Write a chemical equation for the reaction of 1-butanol with each of the following:
(d) Phosphorus tribromide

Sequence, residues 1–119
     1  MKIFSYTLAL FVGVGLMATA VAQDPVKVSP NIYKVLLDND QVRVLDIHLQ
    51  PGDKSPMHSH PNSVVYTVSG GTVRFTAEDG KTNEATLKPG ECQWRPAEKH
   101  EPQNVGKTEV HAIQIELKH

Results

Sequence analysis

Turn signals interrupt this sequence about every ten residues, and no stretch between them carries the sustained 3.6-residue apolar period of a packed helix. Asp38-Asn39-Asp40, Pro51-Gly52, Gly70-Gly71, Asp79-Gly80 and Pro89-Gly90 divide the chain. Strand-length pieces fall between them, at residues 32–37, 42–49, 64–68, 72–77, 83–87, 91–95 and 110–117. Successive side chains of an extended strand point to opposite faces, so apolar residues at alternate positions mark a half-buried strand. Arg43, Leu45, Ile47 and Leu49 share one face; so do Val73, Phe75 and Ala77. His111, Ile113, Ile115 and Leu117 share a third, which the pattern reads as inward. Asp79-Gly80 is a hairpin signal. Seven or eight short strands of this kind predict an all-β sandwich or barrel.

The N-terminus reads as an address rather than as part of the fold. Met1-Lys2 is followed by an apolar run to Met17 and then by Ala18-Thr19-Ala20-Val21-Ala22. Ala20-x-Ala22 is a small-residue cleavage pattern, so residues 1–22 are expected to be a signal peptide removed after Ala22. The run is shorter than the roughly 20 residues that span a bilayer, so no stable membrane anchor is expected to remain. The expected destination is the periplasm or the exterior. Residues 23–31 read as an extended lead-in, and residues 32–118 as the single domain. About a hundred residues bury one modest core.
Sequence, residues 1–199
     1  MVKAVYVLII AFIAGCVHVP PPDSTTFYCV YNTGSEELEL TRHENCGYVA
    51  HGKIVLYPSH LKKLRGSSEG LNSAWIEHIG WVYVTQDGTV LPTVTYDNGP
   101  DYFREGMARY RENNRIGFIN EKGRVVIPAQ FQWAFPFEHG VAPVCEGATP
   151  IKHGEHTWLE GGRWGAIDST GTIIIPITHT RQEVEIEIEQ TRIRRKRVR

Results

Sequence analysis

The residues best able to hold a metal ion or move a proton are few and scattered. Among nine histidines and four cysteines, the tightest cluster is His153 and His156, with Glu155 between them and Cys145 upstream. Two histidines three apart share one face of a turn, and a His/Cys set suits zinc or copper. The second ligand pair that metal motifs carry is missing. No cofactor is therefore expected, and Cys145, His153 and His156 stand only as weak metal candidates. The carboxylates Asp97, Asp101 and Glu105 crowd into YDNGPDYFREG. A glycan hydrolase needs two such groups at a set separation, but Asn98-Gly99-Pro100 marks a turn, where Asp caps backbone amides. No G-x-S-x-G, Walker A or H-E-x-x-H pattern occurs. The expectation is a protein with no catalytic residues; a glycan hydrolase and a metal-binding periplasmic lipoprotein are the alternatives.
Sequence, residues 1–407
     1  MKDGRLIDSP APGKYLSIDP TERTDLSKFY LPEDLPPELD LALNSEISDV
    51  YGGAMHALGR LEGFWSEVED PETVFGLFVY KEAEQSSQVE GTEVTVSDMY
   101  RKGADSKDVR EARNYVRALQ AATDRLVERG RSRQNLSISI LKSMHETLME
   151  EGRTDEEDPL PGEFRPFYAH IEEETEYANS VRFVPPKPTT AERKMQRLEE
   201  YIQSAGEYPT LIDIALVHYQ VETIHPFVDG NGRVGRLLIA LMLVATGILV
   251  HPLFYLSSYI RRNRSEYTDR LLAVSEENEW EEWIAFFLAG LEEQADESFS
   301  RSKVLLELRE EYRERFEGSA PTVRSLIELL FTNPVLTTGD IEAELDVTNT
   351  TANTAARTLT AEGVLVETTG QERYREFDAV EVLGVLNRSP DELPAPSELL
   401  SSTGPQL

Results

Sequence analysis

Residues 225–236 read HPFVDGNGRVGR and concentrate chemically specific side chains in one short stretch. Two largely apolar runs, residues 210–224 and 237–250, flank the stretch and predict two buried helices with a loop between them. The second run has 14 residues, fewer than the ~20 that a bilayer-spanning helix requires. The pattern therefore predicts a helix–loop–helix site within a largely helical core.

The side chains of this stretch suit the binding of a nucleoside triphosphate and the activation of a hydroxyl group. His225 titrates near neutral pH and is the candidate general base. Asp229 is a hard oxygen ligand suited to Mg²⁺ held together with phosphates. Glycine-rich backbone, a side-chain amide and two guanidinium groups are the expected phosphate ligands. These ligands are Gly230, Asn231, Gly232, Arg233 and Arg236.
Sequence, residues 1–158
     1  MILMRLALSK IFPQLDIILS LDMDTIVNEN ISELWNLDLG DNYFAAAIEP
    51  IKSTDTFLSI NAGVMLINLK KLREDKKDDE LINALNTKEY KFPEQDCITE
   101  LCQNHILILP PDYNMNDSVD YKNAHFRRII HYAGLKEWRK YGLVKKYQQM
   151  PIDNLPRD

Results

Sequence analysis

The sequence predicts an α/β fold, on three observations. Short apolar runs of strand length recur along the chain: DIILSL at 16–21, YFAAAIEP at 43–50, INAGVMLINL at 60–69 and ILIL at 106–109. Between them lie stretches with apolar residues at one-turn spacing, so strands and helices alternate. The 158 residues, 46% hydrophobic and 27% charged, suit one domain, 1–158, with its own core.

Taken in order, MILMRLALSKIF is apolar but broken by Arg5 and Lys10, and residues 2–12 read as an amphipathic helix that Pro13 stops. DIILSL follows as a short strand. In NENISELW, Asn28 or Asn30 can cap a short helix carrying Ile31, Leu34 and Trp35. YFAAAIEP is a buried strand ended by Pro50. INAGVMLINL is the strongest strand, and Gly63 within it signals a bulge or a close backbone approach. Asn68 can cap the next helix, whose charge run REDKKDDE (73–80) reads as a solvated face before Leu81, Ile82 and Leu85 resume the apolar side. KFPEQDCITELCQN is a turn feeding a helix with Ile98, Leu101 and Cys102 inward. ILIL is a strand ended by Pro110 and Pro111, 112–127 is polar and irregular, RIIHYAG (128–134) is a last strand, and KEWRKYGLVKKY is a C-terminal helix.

Hey everyone, let's take a look at this reaction, we have our 1-butanol reacting with a PBr three. Now, in this case we have a primary alcohol, so we know that a primary alcohol is not going to be a leaving group, so we're going to have to do something to that in order to react here and get our final product. Now, the cool thing about primary alcohols is whenever reacting with PBr3 or what also would work is at SOCl2, this is going to be a leading group conversion and it's going result in an inversion of configuration. So, say if our alcohol was on a wedge in the reactant we would get as a final product is what you think in alcohol on a dash, okay? So this is going to result in an inversion of configuration, here we don't need to worry about that but just as a quick note, so we know that we're going to be doing a leaving group conversion with PBr and SOCl2, so you can probably predict what our final product is going to look like, what it's going to be is we're going to get an alkyl bromide 3,1 from 1-butanol, right? this is 1-butanol, we're going to get a final product a bromine here, in place of bit and this is going to be our 1-bromobutane, let's see a little bit on how that works. Now, we said that this would also work with SOCl2, so with SOCL2 what we get is we get a, when do you guys think? 1-chlorobutane, okay? Now, a little bit on how the mechanism works is what's going to happen first is we can redraw PBr3 and you can expect that there's going to be an electrophilic portion because we have all these dipole moments, right? to the electrophilic bromine, so we're going to have a partial positive on this phosphorus atom, so what's going to happen first is we're going to use this alcohol as our nucleophile, we're going to come in and attack and what do you think we're going to do? we're going to make a bond and break one, so we're going to kick off one of our bromine atoms, what we expect to get an intermediate it's going to be something that looks like this, we have on an oxygen connected to a hydrogen, it's also connected to a phosphorus that's connected to two bromines. Now, this is actually going to be a good leaving group and what's going to happen is that bromine that left, right? there going to be around and it's going to proceed to it SN2 mechanism and kick off this group, right? So that is why we get an inversion of configuration. So, our primary alcohol is going to be converted to a primary alkyl halide here, which we expect and we get as our final product, okay? So this is a little bit on how the mechanism works, that's going to work the same way with SOCl2, because if we redraw that out we know it's going to be a double bond to oxygen and have two chlorine groups. So, again we're going to have those dipole moments going on in all these directions and then we have a positive, pressure positive sulfur, okay? So the same thing would happened there, okay? But in both cases is just a way to convert an alcohol it could be primary or secondary to an alkyl halide through an SN2 mechanism, let's not forget that, and we know that SN2 mechanisms are going to result in an inversion of configuration, okay? So I hope that makes sense and let me know if you have that questions.